It's likely that the downward trend in 1/8 scale will continue, and collectors of that scale may be faced with an ever-dwindling market of new available figures. If you're in this category, it may be time to finally consider moving up to 1/7 scale. For everyone else, the trends look very promising. The number of releases in 1/6 and 1/5 scale are increasing at a very healthy rate. Collectors of 1/7 or 1/4 scales should be especially happy since the releases in those scales have nearly doubled over the past 2 years!

Coming next...
Part 3 will examine scale trends for castoff figures. Note that due to their content and links, both part 3 and part 4 will be NSFW.
902 hits • 11 likes21 comments

Comments21

1pt
victorviper (1 month ago) #70260472
The interesting thing about s-shaped curves is that it's difficult to determine exactly where you are on the curve until that first sustained slowdown- is the industry about to plateau again, or are we in the early stages of another period of rapid expansion?

Given that the last growth phase lasted about 4 to 5 years, and considering the slope of the growth on the chart, after 2+ years in the current growth phase it is plausible that we're about halfway through this growth phase. However, overall market dynamics like a recession or something of similar magnitude could alter that.
1 month ago
2pt
Moeromoero (1 month ago) #70278018
I try to consider the time value of currencies(inflation),
If annual inflation is constant at 5% for 15 years,
$4000 yen 15 years ago is almost like $8316 yen in 2019 (present year).
More than a double.
5% assumption is quite fair.
Therefore, I feel like figures are overpriced but totally acceptable.
But with the enhanced product quality, I always say yes.

This is an incorrect assumption. Inflation hasn't been anywhere close to 5% per year during the past 15 years. You can easily confirm this from several available sources online such as these:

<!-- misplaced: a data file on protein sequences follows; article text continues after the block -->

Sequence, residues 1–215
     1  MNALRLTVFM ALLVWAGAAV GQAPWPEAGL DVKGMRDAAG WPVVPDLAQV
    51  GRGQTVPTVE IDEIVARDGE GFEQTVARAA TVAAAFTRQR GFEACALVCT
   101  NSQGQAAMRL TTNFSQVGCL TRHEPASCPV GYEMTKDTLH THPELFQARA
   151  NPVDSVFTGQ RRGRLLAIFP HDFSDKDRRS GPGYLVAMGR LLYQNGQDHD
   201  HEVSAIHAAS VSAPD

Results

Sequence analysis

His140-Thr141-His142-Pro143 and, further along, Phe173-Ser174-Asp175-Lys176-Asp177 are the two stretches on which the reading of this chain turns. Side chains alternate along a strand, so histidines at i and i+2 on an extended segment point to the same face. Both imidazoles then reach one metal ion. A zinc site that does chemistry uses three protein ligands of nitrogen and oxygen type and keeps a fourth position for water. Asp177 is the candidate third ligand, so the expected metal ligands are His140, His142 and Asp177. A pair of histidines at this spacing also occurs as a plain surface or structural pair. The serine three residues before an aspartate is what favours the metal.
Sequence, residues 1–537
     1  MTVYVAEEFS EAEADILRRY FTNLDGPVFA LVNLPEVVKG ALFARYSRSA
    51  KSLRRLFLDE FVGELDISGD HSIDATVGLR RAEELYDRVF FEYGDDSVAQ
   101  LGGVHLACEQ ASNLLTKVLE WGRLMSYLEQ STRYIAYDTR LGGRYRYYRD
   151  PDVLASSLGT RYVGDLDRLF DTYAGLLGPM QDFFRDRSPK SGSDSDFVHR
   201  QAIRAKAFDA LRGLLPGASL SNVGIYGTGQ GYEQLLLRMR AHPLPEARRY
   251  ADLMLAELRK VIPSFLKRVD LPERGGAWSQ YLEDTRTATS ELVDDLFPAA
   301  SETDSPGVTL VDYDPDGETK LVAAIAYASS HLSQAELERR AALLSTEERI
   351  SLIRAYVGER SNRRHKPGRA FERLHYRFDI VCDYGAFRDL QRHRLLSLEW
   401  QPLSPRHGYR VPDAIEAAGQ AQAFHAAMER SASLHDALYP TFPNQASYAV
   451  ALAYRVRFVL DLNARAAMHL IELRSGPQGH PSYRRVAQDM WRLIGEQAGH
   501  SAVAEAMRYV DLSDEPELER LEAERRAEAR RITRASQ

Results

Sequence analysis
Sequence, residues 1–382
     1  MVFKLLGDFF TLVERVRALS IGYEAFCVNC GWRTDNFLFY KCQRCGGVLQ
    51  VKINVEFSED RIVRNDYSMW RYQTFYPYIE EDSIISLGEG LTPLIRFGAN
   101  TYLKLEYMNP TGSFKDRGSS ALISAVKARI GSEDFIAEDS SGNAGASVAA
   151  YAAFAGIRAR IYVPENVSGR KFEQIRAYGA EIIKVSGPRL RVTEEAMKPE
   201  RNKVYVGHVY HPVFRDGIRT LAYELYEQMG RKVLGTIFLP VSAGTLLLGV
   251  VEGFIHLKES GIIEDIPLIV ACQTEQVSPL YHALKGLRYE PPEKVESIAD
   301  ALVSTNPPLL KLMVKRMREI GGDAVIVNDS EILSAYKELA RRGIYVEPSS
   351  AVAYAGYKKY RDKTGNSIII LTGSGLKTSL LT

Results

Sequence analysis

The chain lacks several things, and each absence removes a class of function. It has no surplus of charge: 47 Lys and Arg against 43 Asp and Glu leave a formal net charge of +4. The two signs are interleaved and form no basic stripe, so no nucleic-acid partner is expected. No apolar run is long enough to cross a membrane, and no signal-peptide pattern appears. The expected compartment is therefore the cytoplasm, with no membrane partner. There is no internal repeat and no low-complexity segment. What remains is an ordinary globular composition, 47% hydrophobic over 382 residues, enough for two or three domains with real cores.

www.inflationto... - this one shows that for Japan, the total inflation from 2004 to 2019 was only 4.64%, which was only 0.3% inflation yearly.

www.in2013dolla... - this shows that during those same years, the inflation in USD was 35.92% total between 2004 to 2019 which is an average of 2.07% yearly.

So whether you try to base the prices in Japanese Yen or US Dollars, the price increase due to inflation is somewhere between 0.3% to 2.07% per year.

In either case, the amount of price increase due to inflation is only a tiny fraction of cost increase being seen in figures during that time. Thus, there are other factors leading to the cost increase in figures.
1 month ago
1pt
Moeromoero Chinese Dress Hunter
Thank you for the comparison. Happy to see the market grows healthily.
Can't wait to read your next article.


regarding the price bump,
I try to consider the time value of currencies(inflation),
If annual inflation is constant at 5% for 15 years,
$4000 yen 15 years ago is almost like $8316 yen in 2019 (present year).
More than a double.
5% assumption is quite fair.

Therefore, I feel like figures are overpriced but totally acceptable.
But with the enhanced product quality, I always say yes.
1 month ago
2pt
An interesting data-y article. My gut feeling was that the mean figure scale had increased over the last few years, but it was interesting to see the numbers bear that out.